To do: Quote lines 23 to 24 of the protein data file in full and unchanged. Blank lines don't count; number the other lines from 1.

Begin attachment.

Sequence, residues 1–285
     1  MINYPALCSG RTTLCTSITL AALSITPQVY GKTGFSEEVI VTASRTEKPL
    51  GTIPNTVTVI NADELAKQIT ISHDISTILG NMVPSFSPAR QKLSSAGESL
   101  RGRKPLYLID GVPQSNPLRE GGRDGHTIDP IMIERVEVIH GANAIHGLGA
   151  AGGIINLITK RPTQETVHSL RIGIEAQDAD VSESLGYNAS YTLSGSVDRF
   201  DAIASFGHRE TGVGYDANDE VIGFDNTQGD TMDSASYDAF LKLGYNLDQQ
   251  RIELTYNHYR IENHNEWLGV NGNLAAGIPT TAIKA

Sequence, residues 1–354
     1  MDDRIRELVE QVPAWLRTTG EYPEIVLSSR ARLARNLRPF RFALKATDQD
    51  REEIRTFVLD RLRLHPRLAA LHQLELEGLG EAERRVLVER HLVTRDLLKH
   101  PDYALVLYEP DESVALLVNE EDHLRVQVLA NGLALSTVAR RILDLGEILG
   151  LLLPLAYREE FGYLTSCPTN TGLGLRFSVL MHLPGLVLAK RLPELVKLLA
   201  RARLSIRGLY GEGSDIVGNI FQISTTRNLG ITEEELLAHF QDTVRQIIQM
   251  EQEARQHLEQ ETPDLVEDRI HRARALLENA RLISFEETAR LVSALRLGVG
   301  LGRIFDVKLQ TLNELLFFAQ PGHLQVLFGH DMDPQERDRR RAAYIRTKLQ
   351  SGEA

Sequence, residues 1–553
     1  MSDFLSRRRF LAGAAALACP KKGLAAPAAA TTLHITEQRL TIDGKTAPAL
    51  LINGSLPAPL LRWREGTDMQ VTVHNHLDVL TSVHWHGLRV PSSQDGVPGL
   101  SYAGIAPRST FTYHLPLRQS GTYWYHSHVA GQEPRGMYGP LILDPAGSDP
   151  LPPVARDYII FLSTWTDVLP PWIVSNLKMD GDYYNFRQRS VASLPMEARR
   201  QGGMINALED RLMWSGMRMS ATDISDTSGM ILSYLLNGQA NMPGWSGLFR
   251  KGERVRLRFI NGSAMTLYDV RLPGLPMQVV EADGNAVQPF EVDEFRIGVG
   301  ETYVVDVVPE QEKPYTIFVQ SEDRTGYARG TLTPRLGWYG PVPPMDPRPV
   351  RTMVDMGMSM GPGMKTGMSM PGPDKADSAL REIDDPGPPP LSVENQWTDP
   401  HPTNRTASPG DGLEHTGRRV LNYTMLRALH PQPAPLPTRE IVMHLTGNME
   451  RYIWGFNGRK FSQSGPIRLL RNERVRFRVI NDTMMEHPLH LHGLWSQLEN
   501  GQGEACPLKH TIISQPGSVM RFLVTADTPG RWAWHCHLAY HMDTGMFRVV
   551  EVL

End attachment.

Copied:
   251  KGERVRLRFI NGSAMTLYDV RLPGLPMQVV EADGNAVQPF EVDEFRIGVG
   301  ETYVVDVVPE QEKPYTIFVQ SEDRTGYARG TLTPRLGWYG PVPPMDPRPV